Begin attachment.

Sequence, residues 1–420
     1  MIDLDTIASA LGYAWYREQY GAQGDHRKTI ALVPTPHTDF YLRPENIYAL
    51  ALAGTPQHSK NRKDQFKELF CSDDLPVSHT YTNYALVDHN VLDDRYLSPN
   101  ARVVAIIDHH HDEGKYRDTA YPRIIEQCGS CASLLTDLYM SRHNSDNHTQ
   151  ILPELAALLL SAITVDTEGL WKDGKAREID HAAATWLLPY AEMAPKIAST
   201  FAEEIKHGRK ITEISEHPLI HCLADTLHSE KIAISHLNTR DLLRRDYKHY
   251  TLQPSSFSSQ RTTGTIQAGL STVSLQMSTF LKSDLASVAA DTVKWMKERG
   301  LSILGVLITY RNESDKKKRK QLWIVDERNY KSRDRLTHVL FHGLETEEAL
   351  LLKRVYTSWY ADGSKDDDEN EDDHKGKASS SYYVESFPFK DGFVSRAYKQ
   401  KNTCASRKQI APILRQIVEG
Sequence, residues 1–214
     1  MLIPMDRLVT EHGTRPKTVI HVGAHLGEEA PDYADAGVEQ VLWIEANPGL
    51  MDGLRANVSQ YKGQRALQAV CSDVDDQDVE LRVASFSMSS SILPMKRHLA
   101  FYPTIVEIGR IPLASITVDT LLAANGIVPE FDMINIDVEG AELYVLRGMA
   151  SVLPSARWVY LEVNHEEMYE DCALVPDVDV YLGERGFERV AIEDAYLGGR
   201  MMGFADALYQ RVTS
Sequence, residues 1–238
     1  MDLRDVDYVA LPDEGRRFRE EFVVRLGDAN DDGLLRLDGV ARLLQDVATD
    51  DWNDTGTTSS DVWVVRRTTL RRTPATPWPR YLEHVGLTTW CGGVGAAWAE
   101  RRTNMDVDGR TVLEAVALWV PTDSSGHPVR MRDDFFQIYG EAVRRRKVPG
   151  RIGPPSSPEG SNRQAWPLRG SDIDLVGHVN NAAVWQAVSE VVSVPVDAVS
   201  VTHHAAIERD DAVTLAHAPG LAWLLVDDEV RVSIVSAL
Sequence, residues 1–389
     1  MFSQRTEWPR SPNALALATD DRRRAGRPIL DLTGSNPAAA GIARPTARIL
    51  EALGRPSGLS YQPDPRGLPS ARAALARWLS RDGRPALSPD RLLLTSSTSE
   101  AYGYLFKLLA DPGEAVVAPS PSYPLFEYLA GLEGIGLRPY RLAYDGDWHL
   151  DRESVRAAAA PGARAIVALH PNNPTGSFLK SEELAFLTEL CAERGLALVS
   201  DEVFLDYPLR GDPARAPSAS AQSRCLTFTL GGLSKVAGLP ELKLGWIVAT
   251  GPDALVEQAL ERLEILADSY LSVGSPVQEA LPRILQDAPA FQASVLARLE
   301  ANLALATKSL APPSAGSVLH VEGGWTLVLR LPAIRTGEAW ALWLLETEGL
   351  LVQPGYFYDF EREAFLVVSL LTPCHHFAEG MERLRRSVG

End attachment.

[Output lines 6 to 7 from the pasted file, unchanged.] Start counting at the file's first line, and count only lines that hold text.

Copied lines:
   201  FAEEIKHGRK ITEISEHPLI HCLADTLHSE KIAISHLNTR DLLRRDYKHY
   251  TLQPSSFSSQ RTTGTIQAGL STVSLQMSTF LKSDLASVAA DTVKWMKERG